What is Separation Anxiety in Brittany Dogs?
When most dog breeds are left home alone or isolated from their humans for long periods of time, they develop separation anxiety. In fact, they experience separation anxiety more than other dogs. However, this is entirely dependent on each of Brittany’s personalities.
It could be an indication of separation anxiety if your Brittany barks all day, urinates and defecates inside, tears things up, or chews on objects when you’re not around. Brittany dogs prefer being near humans, and if left alone for an extended period, they can become anxious.
Bad experiences in puppyhood, genetic issues, and changes in schedule, residence, or family members are some reasons why a dog of this breed can suffer from separation anxiety.
Can a Brittany Really Be Left Home Alone?
Brittany dogs should not be left alone for long periods of time. You should train them and give them many exercises if you wish to leave them at home for a few hours. Loneliness and boredom can lead to harmful behavior, which is something no owner wants.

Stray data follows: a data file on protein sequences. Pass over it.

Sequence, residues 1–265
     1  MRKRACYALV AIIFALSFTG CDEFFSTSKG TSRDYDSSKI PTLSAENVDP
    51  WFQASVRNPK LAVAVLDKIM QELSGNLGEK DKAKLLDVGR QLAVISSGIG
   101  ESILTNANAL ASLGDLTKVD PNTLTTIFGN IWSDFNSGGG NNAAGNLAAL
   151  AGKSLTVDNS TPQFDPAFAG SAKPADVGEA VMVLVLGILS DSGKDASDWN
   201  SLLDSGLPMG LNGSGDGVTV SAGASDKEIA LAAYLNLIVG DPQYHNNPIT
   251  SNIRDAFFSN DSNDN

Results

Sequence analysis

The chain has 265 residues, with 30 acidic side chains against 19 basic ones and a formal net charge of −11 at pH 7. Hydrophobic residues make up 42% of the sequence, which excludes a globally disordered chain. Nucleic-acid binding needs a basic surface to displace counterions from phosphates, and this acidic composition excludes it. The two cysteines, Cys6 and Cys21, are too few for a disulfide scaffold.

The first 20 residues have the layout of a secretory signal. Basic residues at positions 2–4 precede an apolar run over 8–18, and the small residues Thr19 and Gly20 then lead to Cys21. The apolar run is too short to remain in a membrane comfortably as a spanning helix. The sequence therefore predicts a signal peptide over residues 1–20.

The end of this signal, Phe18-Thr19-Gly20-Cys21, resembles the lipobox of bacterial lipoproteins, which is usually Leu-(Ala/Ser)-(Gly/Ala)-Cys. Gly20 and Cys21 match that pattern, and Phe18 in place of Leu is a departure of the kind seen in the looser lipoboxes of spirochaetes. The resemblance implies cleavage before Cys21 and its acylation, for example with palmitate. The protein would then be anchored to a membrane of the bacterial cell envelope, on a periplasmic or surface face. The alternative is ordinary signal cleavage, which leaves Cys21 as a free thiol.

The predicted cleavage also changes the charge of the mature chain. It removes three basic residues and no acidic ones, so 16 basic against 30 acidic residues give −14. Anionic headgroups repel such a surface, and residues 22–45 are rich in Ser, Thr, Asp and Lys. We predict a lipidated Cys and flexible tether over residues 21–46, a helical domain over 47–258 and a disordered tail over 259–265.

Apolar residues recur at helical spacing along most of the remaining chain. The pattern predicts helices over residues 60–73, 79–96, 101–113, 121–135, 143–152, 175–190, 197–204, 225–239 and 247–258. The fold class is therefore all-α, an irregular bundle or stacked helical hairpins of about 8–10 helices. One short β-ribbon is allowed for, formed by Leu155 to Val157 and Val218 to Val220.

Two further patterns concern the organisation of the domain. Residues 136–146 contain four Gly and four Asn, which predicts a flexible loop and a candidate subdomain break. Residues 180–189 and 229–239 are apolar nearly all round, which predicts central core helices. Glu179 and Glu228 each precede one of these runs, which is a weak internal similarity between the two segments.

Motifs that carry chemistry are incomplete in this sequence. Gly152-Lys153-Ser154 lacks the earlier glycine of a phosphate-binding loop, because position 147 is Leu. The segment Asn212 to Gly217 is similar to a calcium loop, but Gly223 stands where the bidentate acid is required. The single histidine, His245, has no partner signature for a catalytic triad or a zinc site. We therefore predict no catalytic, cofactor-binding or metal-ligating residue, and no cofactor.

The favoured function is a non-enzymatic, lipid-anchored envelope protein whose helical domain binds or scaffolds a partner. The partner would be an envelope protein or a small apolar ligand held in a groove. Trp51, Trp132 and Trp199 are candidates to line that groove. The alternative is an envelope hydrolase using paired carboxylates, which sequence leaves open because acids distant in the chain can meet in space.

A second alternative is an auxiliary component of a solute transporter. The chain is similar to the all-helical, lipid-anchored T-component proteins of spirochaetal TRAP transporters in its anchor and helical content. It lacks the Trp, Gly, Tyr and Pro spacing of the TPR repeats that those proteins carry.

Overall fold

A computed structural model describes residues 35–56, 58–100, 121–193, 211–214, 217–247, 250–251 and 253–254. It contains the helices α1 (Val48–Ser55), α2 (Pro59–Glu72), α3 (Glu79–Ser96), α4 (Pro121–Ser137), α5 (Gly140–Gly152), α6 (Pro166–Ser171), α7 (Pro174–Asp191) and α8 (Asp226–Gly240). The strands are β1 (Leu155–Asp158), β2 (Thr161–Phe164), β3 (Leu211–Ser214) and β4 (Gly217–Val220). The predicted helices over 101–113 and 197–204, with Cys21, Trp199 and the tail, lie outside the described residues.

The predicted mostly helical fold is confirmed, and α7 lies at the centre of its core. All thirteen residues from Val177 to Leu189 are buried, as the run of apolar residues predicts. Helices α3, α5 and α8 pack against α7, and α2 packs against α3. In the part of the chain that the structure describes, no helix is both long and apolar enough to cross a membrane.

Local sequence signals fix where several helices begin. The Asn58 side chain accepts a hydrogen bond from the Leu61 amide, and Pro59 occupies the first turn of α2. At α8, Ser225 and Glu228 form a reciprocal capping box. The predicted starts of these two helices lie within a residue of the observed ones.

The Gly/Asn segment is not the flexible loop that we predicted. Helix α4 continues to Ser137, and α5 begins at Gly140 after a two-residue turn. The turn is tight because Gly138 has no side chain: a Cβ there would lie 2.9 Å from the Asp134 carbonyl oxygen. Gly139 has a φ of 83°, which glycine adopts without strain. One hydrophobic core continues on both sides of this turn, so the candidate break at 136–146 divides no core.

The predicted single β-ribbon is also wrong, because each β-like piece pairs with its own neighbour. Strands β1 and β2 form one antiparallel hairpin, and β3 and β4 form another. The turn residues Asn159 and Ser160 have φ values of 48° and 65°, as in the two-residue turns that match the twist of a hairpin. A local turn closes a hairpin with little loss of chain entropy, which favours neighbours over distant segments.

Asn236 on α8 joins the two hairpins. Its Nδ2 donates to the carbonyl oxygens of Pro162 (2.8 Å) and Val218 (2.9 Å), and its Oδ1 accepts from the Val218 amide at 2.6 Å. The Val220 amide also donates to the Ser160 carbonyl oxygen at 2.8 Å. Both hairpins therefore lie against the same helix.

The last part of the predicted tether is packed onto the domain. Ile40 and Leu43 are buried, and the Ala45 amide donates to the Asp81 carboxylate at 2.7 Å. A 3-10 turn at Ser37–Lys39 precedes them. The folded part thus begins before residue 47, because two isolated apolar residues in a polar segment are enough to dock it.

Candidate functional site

These dogs have a high emotional sensitivity and are ill-equipped to deal with stress. This canine’s owners typically commit to always being with their pet, which isn’t always feasible.
Younger puppies (those under eight weeks old) could be left alone for no more than 2 hours at a time at first, gradually increasing the time. Because a Brittany, whether an adult or a puppy, is extremely connected to its owners, it cannot be left alone for more than 3-4 hours.
It is highly recommended that a Brittany undergo several types of training in order to cope with this issue. All dogs should be trained to sit, stay, and respond to commands. In these circumstances, however, obedience, potty, and crate training are essential.